Last weekend, the co-funder of Russie-Libertés and a human rights defender – Alex Prokopiev, visited Warsaw. On that occasion, he met the representatives of Polish civil society and took part in a weekly pacific protest held by street opposition activists in defense of the Constitution.
Alexis Prokopiev, Russian by birth, moved with his parents to France at the age of twelve. However, Russia, with its Putin driven policy, became one of the main principles of Alexis’ work as a human rights defender and a democrat. Therefore, after falsified elections in Russia in 2011, he co-funded Russie-Libertés – a Paris born NGO to support democracy in Russian Federation. The NGO conducted multiple campaigns supported by countless petitions, signatures, and political help for those Russian activists who were either in detention or in prison due to their resistance to Kremlin’s regime. Russie-Libertés also helped the refugees from Russia, particularly after the arrests of its members altogether with enlisting one of R-L activist to Interpol’s Red Alert. On this basis, he was detained in Bulgarian prison, and after three months the organization was able to bring the man to France.
One of the Polish society activists of a democratic movement was Bogusław Stanisławski, the co-funder of Amnesty International Poland and a former member of „Solidarność”. The aim of this meeting was to talk about the future of Europe, to try to find common points in how we – in Poland and France, defend human rights, the rule of law and the democracy. Both, Alexis and Mr Stanisławski, as human rights defenders, are experienced in monitoring the elections – Mr Prokopiev in Russia and Mr Stanisławski in Ukraine before the Orange Revolution. Both agreed, that to maintain democratic states and European Union as a common good to all its members, the nations have to defend the values of unity, cooperation and trust. The politic parties have to come with good programs to give the citizens a new hope and to create a new, positive and desirable way to future.
The role of civil society was also discussed as a perpendicular tool to guarantee a fruitful and election-winning way of cooperation between political parties and citizens. Asked what needs to be done to win the 2019 parliamentary elections in Poland Bogusław Stanisławski answered that people in the province and villages should be visited and listened to, their expectations need to be collected and taken into consideration. Also, these people need to be sure that their needs shall be supported by politicians not only during the campaign but mainly in the parliamentary works after the elections. Here, Mr Stanisławski mentioned a new, civic initiative – the Congress of Civic Democratic Movements (KORD), as a bridge between civil society and political party: to inform, support and equip the parties in knowledge they themselves may lack in working on programs for future nation development also as an EU member.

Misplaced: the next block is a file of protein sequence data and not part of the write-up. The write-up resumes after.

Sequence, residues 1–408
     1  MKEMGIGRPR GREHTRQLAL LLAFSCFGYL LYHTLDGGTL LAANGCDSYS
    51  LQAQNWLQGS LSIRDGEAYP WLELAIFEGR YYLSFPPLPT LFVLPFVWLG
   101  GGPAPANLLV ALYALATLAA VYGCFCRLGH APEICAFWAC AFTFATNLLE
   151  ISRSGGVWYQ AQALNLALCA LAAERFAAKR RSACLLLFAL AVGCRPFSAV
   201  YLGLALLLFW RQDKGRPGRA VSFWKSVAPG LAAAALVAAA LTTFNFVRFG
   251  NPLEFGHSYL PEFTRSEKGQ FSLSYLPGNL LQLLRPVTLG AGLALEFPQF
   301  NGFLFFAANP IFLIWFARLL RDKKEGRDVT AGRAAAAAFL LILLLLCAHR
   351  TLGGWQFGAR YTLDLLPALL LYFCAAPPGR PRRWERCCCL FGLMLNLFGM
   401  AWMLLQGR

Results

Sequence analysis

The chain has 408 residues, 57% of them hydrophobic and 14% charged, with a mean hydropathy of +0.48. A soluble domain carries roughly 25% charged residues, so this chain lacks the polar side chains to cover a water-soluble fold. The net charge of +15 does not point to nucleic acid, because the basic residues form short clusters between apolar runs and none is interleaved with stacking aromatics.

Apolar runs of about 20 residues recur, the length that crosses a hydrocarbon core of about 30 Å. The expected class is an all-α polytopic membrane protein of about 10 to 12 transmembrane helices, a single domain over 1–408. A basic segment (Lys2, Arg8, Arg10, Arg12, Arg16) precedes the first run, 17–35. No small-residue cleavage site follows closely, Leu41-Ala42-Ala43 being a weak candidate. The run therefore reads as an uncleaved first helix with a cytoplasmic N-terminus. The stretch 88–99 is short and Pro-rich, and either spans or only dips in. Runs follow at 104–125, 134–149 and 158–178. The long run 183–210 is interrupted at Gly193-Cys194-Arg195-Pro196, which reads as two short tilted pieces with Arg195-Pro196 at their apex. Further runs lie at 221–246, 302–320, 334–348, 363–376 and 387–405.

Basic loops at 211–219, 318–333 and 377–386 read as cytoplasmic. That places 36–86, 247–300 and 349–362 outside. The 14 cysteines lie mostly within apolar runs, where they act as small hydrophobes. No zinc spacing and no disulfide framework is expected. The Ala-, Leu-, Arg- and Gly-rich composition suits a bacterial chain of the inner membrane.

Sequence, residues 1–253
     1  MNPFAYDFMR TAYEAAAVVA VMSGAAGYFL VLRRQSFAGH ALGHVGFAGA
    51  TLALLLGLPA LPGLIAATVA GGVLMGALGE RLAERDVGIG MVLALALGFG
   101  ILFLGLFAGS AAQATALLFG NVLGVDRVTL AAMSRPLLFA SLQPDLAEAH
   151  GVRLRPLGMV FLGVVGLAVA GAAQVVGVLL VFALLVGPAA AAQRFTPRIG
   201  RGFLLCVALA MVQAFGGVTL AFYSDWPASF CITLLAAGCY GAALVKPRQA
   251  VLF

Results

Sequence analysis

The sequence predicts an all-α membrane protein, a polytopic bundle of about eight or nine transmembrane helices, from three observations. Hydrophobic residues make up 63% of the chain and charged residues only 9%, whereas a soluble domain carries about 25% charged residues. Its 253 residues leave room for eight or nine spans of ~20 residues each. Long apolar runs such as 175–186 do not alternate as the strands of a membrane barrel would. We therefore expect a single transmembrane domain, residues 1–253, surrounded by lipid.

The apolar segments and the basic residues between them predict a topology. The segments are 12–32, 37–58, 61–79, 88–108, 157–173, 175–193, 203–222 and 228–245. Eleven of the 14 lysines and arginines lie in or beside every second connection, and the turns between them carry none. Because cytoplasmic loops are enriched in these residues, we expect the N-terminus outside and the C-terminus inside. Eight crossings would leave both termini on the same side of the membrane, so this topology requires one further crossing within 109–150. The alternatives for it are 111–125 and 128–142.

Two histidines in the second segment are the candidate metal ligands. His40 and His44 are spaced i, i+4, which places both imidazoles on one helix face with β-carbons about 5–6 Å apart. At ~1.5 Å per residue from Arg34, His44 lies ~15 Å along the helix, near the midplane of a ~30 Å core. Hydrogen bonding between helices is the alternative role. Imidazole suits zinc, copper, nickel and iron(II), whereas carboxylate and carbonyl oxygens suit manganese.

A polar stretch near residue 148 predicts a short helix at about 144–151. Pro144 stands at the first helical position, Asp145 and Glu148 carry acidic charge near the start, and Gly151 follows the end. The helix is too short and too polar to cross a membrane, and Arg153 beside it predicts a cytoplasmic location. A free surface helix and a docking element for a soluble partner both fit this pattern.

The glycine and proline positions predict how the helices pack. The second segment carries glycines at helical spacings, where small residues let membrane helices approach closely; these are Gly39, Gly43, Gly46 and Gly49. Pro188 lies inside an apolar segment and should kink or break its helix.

European Union, as a common good for all member states, was also a topic of the meeting. Both, Mr Prokopiev and Mr Stanisławski, expressed opinions like:
- Nationalism is a way to nowhere.
- European values need to be widely communicated to people, especially the youngsters.
- All the member states should look for values in common and recognize the differences between them for mutual understanding and the respect of individuality.
- All member states should look at their history and learn from mistakes for better cooperation in the future. Former blame cannot be the drive for disuniting todays EU states and nations.
- EU should pay special attention to all these who to date cannot find their own space in post-transformation times.
- Against the nationalists, EU states cannot not be blind towards all these citizens who have found themselves lost in globalization. Some measures need to be undertaken to implement these people to changes. EU states in promoting EU values and globalization should teach their people the history, languages and culture of other member states altogether with introducing the advantages of this knowledge.
Polish changes in judiciary – especially the step back taken recently by Law and Justice concerning the Bill on the Supreme Court was one of the matters raised by Alexis Prokopiev. Mr Stanisławski expressed his opinion, that a partial withdrawal from the dismantling of the Supreme Court might have been the result of civic protests, the activities of the street opposition and, especially, the „cameleon effect” of those in total power in todays Poland, and the positive pressure from the EU. In this place, the men discussed the situation in Polish media that Law and Justice tends to nationalize and make them their propaganda tool to keep the society in lie and disinformation. Mr Stanisławski underlined the fact, that the fight for Polish independent media is yet to come.